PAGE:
David’s Double Narration of YHWH’s Salvation: Psalm 18
Psalm 18, with 51 verses, is the third-longest psalm in the Psalter, exceeded only by Psalm 119 (176 verses) and Psalm 78 (72 verses). The psalm’s long superscription diverges from the brief, usually stereotypical form common in other psalms and presents it as a song of Thanksgiving sung by David when he was on the run from King Saul:
תהלים יח:א לַמְנַצֵּחַ לְעֶבֶד יְ־הוָה לְדָוִד אֲשֶׁר דִּבֶּר לַי־הוָה אֶת דִּבְרֵי הַשִּׁירָה הַזֹּאת בְּיוֹם הִצִּיל יְ־הוָה אוֹתוֹ מִכַּף כָּל אֹיְבָיו וּמִיַּד שָׁאוּל. 
Ps 18:1 To the leader. A Psalm of David the servant of YHWH, who addressed the words of this song to YHWH on the day when YHWH delivered him from the hand of all his enemies, and from the hand of Saul.
The superscription may have been revised after a nearly identical version of the psalm was incorporated into David’s story (2 Sam 22, read as the haftara for the seventh day of Passover). Psalm 18 describes the ideal interaction between God and King. The addition of this psalm to 2 Samuel 22 served to emphasize the theme of God’s action on behalf of and in support of David.
The structure of the psalm is typical of songs of thanksgiving, progressing from a description of a situation of crisis, to the psalmist’s cry for help, to YHWH’s positive response for which the psalmist gives thanks. Psalm 18 is unusual in that it narrates YHWH’s deliverance twice—first in a mythic and dramatic theophany (vv. 2–32) and second through the empowered human figure of the king, strengthened by YHWH to succeed against his foes (vv. 33–51).
Account 1 (vv. 2–32): YHWH, the Divine Warrior
The psalm opens with an expression of unexpected intimacy:
תהלים יח:ב וַיֹּאמַר אֶרְחָמְךָ יְ־הוָה חִזְקִי.
Ps 18:2 And he said: I love you, O YHWH, my strength.
The verb ר.ח.ם usually describes the love of a more powerful party for a weaker one. In the intensive piel form, it describes YHWH’s act of love and compassion towards Israel (e.g., Exod 33:19, 2 Kgs 13:23), and YHWH’s parental affection for Israel (e.g., Isa 49:15; Ps 103:13). While the piʿel contains connotations of compassion and mercy, as one might have for the weaker member in the relationship, the English word “compassion” would not be suitable to describe the affection of a weaker party, like the psalmist, towards a more powerful party, YHWH. Thus, the translation “love” is preferable.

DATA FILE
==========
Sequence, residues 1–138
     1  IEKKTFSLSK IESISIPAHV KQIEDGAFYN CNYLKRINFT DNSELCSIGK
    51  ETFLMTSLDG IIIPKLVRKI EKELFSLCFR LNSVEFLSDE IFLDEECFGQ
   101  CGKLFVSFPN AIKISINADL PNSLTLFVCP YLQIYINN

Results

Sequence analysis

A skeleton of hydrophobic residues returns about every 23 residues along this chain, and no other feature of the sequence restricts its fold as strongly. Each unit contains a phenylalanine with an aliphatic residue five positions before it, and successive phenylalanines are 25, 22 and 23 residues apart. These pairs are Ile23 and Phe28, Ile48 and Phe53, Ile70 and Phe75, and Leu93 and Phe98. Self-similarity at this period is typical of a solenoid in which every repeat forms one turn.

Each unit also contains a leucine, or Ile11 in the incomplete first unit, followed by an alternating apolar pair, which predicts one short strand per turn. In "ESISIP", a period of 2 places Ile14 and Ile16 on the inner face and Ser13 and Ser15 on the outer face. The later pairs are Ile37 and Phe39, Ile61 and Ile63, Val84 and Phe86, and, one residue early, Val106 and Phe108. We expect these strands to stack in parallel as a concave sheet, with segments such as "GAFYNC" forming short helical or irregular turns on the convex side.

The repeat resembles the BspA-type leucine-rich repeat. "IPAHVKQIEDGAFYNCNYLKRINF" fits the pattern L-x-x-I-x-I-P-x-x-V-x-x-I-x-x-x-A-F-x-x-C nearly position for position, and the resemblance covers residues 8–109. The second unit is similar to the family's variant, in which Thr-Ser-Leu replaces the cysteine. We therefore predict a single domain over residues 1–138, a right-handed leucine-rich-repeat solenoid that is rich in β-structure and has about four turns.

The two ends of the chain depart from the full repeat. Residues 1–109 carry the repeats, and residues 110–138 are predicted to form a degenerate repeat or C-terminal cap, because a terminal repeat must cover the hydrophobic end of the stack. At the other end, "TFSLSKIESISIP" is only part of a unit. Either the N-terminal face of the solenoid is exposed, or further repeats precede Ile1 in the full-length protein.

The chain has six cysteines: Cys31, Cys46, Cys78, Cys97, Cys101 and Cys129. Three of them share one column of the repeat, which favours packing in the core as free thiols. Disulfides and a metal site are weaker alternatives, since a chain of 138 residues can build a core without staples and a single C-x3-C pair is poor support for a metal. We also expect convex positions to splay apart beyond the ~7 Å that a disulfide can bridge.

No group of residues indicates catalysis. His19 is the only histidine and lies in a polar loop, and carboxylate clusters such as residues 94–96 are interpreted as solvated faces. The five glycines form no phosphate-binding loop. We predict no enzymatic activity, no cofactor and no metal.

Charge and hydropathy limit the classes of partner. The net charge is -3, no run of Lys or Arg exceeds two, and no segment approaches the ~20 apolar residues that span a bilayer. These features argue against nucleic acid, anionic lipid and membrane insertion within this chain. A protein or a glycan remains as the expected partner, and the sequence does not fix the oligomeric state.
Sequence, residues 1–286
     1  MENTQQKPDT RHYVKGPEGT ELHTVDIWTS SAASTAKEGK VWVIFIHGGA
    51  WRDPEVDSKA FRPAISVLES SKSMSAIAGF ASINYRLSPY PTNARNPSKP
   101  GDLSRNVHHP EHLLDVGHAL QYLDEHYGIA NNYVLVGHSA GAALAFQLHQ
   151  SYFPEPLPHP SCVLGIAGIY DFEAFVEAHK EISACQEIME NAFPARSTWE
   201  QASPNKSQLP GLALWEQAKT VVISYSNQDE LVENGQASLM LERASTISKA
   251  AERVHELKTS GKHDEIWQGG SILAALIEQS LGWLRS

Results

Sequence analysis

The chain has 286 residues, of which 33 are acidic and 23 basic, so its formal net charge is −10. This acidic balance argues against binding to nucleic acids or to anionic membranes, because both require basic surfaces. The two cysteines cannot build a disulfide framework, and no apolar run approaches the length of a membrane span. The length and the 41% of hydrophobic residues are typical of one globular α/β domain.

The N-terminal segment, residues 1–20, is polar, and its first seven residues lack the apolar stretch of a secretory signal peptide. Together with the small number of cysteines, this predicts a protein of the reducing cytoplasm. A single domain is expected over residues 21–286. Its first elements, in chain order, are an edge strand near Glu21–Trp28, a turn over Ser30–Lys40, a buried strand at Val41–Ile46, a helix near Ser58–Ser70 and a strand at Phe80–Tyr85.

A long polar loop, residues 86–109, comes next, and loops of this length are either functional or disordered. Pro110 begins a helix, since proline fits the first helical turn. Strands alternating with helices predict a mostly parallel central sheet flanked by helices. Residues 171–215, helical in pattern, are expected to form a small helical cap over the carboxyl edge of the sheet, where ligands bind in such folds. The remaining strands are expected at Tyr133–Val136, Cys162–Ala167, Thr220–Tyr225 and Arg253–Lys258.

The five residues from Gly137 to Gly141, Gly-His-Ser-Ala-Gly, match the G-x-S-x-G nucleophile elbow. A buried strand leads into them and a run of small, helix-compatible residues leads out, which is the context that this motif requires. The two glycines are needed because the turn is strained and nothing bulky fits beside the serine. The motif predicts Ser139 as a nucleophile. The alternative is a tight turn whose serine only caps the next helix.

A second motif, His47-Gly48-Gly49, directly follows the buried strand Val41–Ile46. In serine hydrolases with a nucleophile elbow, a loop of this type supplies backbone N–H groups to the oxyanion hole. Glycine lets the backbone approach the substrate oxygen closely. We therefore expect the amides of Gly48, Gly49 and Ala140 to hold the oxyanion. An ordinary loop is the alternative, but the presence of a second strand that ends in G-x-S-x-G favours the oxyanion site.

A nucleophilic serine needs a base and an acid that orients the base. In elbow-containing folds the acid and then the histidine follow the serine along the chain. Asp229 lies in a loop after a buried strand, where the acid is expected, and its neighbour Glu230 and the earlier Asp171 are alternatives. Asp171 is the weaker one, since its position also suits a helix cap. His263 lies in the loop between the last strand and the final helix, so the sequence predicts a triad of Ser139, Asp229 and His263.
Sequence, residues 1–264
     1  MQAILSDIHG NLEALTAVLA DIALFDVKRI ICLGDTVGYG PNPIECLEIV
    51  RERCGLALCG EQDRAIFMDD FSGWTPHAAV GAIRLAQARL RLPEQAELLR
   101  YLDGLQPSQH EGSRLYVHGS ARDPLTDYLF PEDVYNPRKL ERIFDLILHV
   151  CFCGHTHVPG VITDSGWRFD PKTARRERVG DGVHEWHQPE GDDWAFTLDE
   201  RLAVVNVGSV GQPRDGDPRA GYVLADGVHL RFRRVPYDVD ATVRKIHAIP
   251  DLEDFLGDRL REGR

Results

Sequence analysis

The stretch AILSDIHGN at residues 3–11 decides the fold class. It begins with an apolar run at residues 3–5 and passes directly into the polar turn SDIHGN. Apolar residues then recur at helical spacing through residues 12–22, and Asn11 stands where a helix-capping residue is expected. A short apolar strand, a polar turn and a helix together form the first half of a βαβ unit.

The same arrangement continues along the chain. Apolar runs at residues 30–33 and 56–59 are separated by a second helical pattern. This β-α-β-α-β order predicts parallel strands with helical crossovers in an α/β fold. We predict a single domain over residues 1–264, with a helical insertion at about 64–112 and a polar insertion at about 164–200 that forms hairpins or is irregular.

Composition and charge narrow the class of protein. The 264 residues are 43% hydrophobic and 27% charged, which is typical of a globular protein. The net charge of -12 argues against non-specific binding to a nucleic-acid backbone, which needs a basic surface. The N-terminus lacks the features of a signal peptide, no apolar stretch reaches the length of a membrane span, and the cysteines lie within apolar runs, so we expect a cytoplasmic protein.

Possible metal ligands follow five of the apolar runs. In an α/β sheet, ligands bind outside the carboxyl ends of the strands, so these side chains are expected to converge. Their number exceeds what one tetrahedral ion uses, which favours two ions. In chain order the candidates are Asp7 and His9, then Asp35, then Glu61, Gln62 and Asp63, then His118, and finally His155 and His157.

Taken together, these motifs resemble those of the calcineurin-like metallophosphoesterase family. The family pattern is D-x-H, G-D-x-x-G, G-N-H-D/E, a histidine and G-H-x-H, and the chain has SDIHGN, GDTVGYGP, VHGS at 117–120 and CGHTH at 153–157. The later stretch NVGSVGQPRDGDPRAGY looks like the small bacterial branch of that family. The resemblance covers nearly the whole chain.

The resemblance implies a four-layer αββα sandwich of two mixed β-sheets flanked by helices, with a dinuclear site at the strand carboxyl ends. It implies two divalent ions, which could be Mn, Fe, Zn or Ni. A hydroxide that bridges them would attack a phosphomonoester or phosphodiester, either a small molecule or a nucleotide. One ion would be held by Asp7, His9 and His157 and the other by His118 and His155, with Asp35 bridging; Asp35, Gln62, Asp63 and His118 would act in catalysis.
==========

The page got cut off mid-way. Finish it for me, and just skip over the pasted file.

The qal form of ר.ח.ם in this verse is unique in the Bible and is the only time it describes a human’s love for YHWH. It indicates the confidence that the psalmist feels in the relationship he enjoys with YHWH.
The next verse emphasizes how YHWH has acted specifically on behalf of the psalmist:
תהלים יח:ג יְ־הוָה סַלְעִי וּמְצוּדָתִי וּמְפַלְטִי אֵלִי צוּרִי אֶחֱסֶה בּוֹ מָגִנִּי וְקֶרֶן יִשְׁעִי מִשְׂגַּבִּי.
Ps 18:3 YHWH is my rock, my fortress, and my deliverer, my God, my rock in whom I take refuge, my shield, and the horn of my salvation, my stronghold.
The accumulation of terms for refuge and security describe the remarkable protection that YHWH has provided. In response, the psalmist declares:
תהלים יח:ד מְהֻלָּל אֶקְרָא יְ־הוָה וּמִן אֹיְבַי אִוָּשֵׁעַ.
Ps 18:4 I call upon YHWH, who is worthy to be praised, so I shall be saved from my enemies.
A Mythic Enemy
The psalmist expands upon the reason for his love and praise: an act of divine salvation. The psalmist begins by offering a retrospective on the enemy threat:
תהלים יח:ה אֲפָפוּנִי חֶבְלֵי מָוֶת וְנַחֲלֵי בְלִיַּעַל יְבַעֲתוּנִי. יח:ו חֶבְלֵי שְׁאוֹל סְבָבוּנִי קִדְּמוּנִי מוֹקְשֵׁי מָוֶת.
Ps 18:5 The cords of death encompassed me; the torrents of perdition assailed me; 18:6 the cords of Sheol entangled me; the snares of death confronted me.
Here, the imagery sets up the coming battle as one between YHWH and the forces of death, chaos, and the underworld, elevating the register of the psalm through mythical tropes. Similar figurative uses of a watery נַחַל, “torrent,” engulfing its victims appear elsewhere in biblical descriptions of overwhelming enemy forces (Jer 47:2; Ps 124:4–5).
The imagery also finds a parallel in other ancient Near Eastern myths. In the Mesopotamian myth Enuma Elish, the god Marduk defeats the sea goddess, Tiamat, at the creation of the world. And in the Canaanite Baʾal Epic, the storm-god Baʾal defeats both the god of death, Mot, and the sea god, Yam.
In the face of this mortal threat, the psalmist cried out and YHWH heard him:
תהלים יח:ז בַּצַּר לִי אֶקְרָא יְ־הוָה וְאֶל אֱלֹהַי אֲשַׁוֵּעַ יִשְׁמַע מֵהֵיכָלוֹ קוֹלִי וְשַׁוְעָתִי לְפָנָיו תָּבוֹא בְאָזְנָיו.
Ps 18:7 In my distress I called upon YHWH; to my God I cried for help. From his temple he heard my voice, and my cry to him reached his ears.
The climactic moment of this account is the description of YHWH’s response to the psalmist’s plea. He responds with full martial force, smoke billowing from his nostrils:
תהלים יח:ח וַתִּגְעַשׁ וַתִּרְעַשׁ הָאָרֶץ וּמוֹסְדֵי הָרִים יִרְגָּזוּ וַיִּתְגָּעֲשׁוּ כִּי חָרָה לוֹ. יח:ט עָלָה עָשָׁן בְּאַפּוֹ וְאֵשׁ מִפִּיו תֹּאכֵל גֶּחָלִים בָּעֲרוּ מִמֶּנּוּ.
Ps 18:8 Then the earth reeled and rocked; the foundations also of the mountains trembled and quaked, because he was angry. 18:9 Smoke went up from his nostrils, and devouring fire from his mouth; glowing coals flamed forth from him.
This imagery is common in ancient Near Eastern accounts of divine appearances in battle. One Egyptian hymn celebrates the god Mar by stating: “Mar, from your snorts all the earth perishes; like smoke Lord, from your breath.”
The depths to which the psalmist has descended contrast with the heights from which YHWH arrives to rescue: